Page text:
Maria Mihalik is newsletter and supplements editor of Associations Now in Washington, DC.
A training program offered by the American Counseling Association is helping ACA members better understand the experiences and special mental health needs of LGBTQ youth. The program was honored with a Summit Award in ASAE’s 2018 Power Awards program.
It might be as simple as a rainbow flag tacked to a classroom wall, or as subtle as a “vibe” given off that conveys “I’m fine with who you are—you can come talk to me.” Both are signals that help counselors connect with a population of students and young adults who may need counseling more than any other: members of the lesbian, gay, bisexual, transgender, and queer (LGBTQ) community.
Professionals with the American Counseling Association are keenly aware of the bullying, discrimination, rejection, and confusion that LGBTQ youth often struggle with. They are also aware that the majority of ACA members are heterosexual. While “most are inclusive and reaffirming, some have to work a little harder at it,” says Lynn Linde, senior director of ACA’s Center for Counseling Practice, Policy, and Research.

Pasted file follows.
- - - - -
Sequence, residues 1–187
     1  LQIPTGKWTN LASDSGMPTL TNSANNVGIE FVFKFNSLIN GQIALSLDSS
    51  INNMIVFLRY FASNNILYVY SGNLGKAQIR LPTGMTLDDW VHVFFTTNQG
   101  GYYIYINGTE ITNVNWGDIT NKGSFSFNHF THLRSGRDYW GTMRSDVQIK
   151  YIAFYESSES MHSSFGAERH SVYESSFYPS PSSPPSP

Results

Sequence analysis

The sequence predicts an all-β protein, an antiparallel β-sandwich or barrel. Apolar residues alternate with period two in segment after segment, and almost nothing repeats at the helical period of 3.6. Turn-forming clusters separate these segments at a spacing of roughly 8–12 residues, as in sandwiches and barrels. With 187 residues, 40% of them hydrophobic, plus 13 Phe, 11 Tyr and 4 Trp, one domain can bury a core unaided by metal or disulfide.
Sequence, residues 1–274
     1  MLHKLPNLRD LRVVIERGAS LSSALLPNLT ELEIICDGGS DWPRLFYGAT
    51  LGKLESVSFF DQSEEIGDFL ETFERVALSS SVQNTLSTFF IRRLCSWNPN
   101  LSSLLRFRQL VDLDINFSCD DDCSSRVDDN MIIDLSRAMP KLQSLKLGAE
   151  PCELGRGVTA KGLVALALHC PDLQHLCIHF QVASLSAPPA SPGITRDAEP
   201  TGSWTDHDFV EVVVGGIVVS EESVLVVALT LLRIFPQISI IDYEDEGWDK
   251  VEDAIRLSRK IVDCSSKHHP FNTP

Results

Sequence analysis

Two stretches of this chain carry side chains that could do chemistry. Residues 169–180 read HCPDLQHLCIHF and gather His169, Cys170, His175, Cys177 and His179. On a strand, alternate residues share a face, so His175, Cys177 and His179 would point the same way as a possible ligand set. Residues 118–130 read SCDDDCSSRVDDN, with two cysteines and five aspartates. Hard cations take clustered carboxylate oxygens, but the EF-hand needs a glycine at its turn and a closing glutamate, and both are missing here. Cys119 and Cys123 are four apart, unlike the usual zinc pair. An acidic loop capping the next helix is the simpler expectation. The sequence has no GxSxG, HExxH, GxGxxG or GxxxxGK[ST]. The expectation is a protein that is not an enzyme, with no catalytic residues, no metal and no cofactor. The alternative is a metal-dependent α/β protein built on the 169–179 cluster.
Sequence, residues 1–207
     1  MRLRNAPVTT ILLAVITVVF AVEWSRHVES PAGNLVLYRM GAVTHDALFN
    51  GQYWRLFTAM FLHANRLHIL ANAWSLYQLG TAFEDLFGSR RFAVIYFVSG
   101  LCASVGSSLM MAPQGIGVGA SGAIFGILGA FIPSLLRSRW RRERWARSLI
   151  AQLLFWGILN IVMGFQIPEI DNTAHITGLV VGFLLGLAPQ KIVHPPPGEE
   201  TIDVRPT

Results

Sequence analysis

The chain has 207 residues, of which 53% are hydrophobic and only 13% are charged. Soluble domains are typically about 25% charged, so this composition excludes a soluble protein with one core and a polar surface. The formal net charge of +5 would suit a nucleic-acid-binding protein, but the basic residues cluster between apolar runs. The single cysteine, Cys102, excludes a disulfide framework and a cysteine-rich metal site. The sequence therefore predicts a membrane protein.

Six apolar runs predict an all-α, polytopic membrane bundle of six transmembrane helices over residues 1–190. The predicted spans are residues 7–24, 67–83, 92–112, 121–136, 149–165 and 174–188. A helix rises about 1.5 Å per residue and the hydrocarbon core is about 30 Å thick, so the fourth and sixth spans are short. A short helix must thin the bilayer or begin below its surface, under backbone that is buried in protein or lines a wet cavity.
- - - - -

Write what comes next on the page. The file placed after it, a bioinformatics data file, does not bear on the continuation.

“Part of counselor training is to set aside our personal beliefs and be totally accepting of our clients,” says Linde. “But many people—particularly those who were raised in cultures where anything other than being heterosexual is not acceptable—have to overcome their own values and biases and thoughts.” Until a counselor is comfortable talking about LGBTQ issues, “these students are not going to get into any discussion about their gender identity or their sexual orientation,” says Linde.
When the Human Rights Campaign Foundation approached ACA about partnering on outreach to counselors, ACA leadership was ready. Buoyed by funding from Pepsico, “Competencies for LGBTQ-Affirmative Counseling” was launched. The five-part distance-learning series, which earned ACA a 2018 Summit Award in ASAE’s Power of A Awards competition, educates practitioners on everything from proper terminology to common misconceptions about LGBTQ people.
“It gives them the knowledge, the language skills, and the ability to understand what these young people are going through,” says Linde.
ACA first offered the program for free to members. After it proved popular, the association extended the offering to nonmembers and non-counselors—also at no charge. It’s hard to put a price tag on such an investment. People who access the modules “had no idea what they didn’t know until they went through this,” says Linde.
[This article was originally published in the Associations Now print edition, titled “Lessons in Understanding."]